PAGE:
They call it The Collective. No, it’s not a kibbutz or any kind of communistic settlement. It’s a combination of restaurant and gallery: A place where you can go to enjoy good food, good art — and also good music. It opened only a couple of months ago, and, bucking a trend, it is set in the heart of Nairobi’s CBD — on the ground floor of View Park Towers, on Utalii Street and opposite the French Cultural Centre.
I’ve been there for the past two Saturday lunches, and I have also enjoyed some good conversation. Both times I met with the owner, Aicha Mane. She is from Senegal, and she is quite a lady. She calls herself the Chief Operating Officer. She is certainly an operator; or, as Sade sings it, a smooth operator.
I asked her if she isn’t taking a risk in setting up right in the city. What was on my mind was the Prestige Bookshop, which was there at the junction of Mama Ngina and Muindi Mbingu Streets when I came back to Kenya in 1986. It must be one of the oldest bookshops in the city. But it has just opened a branch in Lavington Green. “Because these out-of-town areas are the lively and growing places these days,” said the young guy in charge of the shop when I went in the other day. (It has an excellent selection of books, by the way.)
Aicha was not fazed. “It will depend on marketing,” she said. “And I mean aggressive marketing. My job is to make sure people come — and, if they come, to make sure they enjoy it.” She went on to talk about the potential of the position — surrounded by tall buildings with all their office workers. They need lunches; some need breakfasts — and some prefer to have a drink in the upstairs lounge of The Collective while waiting for the traffic to thin out. The place opens at 7am and closes late. There is a happy hour from 5 to 7 o’clock. And I guess a number get so happy they stay on for dinner.
The food is certainly good. And different. As the Facebook page says, the restaurant offers a world-class menu — with an African twist. It is a West African twist. I asked Aicha why West African cuisine is more varied — more sophisticated — than East African cuisine. She said for countries like hers, food has such a central place in the traditional family and social culture. Great, and competitive, care is taking over the cooking. I wonder if another reason is that West African countries like hers have a French rather than a British colonial heritage!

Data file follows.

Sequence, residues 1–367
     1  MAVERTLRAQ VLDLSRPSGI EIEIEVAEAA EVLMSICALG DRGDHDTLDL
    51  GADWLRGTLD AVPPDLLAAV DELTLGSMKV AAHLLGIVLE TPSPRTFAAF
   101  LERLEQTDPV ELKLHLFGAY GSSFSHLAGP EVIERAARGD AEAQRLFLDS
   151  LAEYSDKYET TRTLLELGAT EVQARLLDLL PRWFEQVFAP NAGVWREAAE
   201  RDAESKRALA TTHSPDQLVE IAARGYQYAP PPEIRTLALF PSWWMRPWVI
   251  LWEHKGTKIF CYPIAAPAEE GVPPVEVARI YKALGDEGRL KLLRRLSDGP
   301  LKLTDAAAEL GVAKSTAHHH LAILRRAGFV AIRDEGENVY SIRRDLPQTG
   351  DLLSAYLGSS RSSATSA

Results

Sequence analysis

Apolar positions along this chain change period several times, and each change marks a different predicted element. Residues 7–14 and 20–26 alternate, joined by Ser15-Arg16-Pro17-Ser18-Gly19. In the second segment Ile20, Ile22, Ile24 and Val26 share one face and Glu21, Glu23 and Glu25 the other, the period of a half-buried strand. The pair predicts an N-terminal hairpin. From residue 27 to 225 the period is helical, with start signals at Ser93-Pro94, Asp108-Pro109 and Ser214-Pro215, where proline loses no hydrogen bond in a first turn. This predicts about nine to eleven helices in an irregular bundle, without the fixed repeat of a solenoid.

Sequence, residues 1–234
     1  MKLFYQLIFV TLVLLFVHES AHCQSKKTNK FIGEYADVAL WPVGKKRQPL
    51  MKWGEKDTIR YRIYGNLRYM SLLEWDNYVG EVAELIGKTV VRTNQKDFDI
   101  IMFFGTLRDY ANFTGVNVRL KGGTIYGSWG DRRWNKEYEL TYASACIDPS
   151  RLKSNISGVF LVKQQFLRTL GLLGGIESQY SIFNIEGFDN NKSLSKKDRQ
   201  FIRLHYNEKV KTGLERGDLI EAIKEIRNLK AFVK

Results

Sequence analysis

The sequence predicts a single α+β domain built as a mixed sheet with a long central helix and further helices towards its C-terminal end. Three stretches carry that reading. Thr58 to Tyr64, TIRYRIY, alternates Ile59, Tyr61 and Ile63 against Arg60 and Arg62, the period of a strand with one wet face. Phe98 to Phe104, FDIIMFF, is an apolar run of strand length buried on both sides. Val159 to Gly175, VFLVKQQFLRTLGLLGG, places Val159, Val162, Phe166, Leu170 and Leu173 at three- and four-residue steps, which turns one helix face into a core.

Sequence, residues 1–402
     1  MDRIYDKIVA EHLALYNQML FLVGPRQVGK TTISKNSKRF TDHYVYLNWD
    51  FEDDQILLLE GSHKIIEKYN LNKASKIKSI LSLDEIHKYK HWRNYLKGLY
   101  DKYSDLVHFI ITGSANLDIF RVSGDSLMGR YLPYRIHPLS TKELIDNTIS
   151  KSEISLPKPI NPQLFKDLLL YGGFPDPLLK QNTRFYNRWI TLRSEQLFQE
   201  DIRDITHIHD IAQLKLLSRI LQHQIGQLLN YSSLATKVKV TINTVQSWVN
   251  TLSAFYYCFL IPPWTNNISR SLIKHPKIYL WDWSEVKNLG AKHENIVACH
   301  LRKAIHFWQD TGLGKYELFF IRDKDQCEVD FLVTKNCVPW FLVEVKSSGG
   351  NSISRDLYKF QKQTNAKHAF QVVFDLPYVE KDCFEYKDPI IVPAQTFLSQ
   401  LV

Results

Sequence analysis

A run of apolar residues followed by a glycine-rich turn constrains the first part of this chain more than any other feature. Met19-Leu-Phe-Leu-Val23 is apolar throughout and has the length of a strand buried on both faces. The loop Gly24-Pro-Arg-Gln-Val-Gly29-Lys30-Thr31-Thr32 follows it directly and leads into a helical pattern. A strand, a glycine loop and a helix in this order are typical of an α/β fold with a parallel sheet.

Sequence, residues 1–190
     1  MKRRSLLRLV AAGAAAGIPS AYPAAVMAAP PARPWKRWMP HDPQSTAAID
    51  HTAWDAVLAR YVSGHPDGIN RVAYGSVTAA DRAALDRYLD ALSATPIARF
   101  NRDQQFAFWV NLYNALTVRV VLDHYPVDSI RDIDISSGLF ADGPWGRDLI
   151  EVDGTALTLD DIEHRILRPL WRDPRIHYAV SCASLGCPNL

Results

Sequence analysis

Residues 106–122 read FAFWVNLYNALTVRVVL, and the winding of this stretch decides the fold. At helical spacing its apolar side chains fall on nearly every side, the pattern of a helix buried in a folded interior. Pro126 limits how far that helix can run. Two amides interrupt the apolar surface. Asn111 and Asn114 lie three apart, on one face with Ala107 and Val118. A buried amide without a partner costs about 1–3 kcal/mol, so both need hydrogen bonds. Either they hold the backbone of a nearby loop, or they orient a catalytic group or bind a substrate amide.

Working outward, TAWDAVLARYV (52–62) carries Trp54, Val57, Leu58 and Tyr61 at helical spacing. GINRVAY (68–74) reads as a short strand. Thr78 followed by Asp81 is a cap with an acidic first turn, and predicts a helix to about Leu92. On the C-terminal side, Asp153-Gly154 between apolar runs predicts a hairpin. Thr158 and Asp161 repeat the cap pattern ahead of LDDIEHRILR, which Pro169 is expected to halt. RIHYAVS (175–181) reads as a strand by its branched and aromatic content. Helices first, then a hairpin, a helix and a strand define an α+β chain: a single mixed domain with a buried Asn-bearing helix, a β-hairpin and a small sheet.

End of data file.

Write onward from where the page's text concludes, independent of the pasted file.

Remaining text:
On my first visit I had a sampling of the menu — each dish enthusiastically introduced by the chef, John Karungu. The starter was a gentle avocado and prawn salad, followed by a spicy chicken noodle soup. The cheesy eggplant Parmigiana led into the main course of chicken slices wrapped in bacon. The finish was delicate homemade tiramisu. All were delicious — and imaginatively presented.
The whole place is imaginatively presented. There are some striking paintings on the walls and quirky metal sculptures around the floors — all, like the menu, are reasonably priced.
On Thursday and Friday evenings there is live music in the upstairs bar and lounge. And, oh yes, The Collective prides itself on its cocktails. They say that on Cocktail Wednesdays, there is always a new drink on offer.
And so The Collective is living up to its name. It offers a lively — but, I think, never boisterous — fusion of well-cooked and well-presented food, interesting works of art for sale, and music that, not too loud and not too soft, is well in tune with the place.
John Fox is Managing Director of iDC Email: [email protected]